Clearing the way for the purchase of the former Crowley dealership on Pine Street, the Board of Finance gave its unanimous backing Tuesday to shelling out $2.25 million for the proposed school site.
Mayor Art Ward said the price tag has been “agreed on by all” and includes a commitment from Crowley to take care of any environmental problems that may exist.
School Superintendent Philip Streifer said the city would be paying the fair market value of the property, determined by two appraisals. He said the former dealership will be demolished and carted away before the city takes possession of it.
“That’s his responsibility,” Streifer said.
The Pine Street parcel would be used for one of two planned 900-student schools the city aims to open by 2015. It would house students from kindergarten to eighth grade.
The other site eyed by the city is on Matthews Street, near the intersection of Clark Avenue on the west side of Bristol. Officials aim to complete its purchase within weeks.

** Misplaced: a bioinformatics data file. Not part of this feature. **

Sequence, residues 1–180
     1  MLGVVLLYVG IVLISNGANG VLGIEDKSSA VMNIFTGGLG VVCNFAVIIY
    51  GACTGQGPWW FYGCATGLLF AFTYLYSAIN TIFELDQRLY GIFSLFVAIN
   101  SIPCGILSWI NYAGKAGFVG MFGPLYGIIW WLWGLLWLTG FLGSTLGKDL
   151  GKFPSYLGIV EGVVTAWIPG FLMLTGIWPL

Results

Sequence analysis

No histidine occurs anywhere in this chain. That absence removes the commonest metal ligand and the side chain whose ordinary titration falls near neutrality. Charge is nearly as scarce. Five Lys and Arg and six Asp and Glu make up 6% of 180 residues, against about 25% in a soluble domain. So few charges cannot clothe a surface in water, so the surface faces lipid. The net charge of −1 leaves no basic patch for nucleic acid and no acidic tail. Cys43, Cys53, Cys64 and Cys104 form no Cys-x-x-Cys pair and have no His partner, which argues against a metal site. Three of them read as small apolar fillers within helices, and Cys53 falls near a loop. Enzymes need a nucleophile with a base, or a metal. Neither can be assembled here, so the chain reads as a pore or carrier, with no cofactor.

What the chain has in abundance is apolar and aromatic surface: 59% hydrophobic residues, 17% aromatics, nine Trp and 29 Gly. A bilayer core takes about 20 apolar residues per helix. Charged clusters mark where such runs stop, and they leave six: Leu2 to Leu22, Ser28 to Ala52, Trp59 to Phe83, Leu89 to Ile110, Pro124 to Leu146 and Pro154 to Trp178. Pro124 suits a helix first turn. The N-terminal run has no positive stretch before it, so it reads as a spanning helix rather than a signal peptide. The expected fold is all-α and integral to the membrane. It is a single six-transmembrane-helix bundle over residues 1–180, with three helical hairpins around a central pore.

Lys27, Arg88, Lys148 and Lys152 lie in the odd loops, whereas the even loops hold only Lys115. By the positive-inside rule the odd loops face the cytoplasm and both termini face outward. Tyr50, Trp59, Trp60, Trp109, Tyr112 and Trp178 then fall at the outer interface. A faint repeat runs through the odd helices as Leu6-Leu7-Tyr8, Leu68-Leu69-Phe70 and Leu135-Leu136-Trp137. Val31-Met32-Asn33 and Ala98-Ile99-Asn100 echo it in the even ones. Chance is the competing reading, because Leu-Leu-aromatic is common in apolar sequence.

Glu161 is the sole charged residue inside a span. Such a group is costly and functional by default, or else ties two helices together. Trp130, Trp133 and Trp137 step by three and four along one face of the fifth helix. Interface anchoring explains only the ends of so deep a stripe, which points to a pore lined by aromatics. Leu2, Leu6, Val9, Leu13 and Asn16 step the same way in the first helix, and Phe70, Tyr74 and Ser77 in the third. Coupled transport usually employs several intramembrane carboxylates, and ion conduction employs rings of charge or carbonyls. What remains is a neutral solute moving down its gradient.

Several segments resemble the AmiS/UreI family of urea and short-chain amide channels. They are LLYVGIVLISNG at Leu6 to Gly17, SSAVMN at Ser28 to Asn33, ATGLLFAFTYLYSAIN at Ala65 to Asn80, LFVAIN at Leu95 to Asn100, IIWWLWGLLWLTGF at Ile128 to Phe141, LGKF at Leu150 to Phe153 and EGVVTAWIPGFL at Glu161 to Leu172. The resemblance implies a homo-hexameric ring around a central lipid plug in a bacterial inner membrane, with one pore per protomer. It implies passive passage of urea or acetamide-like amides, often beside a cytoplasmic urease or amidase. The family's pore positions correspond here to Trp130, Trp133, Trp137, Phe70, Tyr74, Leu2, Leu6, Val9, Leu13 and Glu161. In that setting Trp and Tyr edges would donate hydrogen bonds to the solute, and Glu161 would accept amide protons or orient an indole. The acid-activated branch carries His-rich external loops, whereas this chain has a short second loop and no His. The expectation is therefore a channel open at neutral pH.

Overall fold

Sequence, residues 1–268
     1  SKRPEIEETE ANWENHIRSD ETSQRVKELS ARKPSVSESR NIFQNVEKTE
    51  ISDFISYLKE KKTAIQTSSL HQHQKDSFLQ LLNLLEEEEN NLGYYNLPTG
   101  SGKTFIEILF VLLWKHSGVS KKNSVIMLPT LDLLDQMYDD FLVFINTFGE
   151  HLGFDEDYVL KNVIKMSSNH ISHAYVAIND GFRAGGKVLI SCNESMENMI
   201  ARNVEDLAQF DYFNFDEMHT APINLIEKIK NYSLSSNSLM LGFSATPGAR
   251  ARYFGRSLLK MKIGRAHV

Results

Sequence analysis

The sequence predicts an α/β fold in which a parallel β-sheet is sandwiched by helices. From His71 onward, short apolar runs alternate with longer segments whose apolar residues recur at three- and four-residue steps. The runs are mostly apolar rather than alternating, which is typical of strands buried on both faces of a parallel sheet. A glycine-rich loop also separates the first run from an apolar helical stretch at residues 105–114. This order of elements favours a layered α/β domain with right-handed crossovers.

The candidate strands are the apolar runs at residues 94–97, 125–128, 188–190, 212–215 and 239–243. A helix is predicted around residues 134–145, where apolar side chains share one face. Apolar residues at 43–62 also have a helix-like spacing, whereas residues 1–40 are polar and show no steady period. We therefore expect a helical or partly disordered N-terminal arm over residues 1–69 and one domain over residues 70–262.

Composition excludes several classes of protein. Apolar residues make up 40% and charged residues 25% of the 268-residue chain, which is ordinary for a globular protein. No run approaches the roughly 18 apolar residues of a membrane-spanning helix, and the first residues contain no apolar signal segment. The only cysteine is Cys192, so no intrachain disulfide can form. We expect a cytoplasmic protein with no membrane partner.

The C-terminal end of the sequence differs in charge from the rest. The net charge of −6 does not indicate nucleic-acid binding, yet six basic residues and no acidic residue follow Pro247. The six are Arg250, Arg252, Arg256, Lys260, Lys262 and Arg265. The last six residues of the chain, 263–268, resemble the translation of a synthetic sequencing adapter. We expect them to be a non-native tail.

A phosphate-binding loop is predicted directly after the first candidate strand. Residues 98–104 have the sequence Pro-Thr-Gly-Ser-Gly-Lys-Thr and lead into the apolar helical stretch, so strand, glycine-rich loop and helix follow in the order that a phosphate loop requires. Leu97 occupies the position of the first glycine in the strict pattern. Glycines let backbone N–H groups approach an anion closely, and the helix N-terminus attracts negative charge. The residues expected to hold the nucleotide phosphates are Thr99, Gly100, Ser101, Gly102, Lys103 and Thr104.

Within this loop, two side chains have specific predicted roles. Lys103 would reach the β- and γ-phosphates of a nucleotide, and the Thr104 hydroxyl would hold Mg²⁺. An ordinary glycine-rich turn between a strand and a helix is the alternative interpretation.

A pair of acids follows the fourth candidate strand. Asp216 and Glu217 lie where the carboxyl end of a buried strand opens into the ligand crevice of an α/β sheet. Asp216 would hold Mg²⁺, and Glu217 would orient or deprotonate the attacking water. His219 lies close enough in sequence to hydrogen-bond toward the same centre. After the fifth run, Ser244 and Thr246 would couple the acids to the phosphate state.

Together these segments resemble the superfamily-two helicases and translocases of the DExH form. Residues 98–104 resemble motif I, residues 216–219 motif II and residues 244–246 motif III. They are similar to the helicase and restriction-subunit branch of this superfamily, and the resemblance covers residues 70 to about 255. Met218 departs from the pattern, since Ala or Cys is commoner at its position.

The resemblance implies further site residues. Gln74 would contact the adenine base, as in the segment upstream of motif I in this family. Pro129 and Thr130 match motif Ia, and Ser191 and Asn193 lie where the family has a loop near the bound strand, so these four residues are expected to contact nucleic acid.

The Crowley site was picked because it is next door to Greene-Hills School, one of three older elementary schools the city intends to close as part of the $132 million project.
City councilors backed the purchase recently without dissent. The approval of finance commissioners removes the last obvious potential stumbling block.
The city may also buy a small market at the corner of Pine and Daley streets as part of the Crowley site project.
In addition to Greene-Hills, the school board plans to close Memorial Boulevard Middle School and two more primary schools: Bingham and O’Connell.
Architects will have about a year to complete blueprints, which will be followed by a state review. The city must have a construction contract in hand by June 13, 2010 in order to preserve a 73.9 percent reimbursement rate for the project as a whole.
Construction has to start in 2010, but Streifer has said it can drag on until 2015 if that’s necessary to make the costs manageable.
When the new school is finished next door to Greene-Hills, the older school would be demolished, officials have said.
When the two new schools open, about half of the city’s students will attend K-8 schools and the rest will continue to follow the existing elementary to middle school track.
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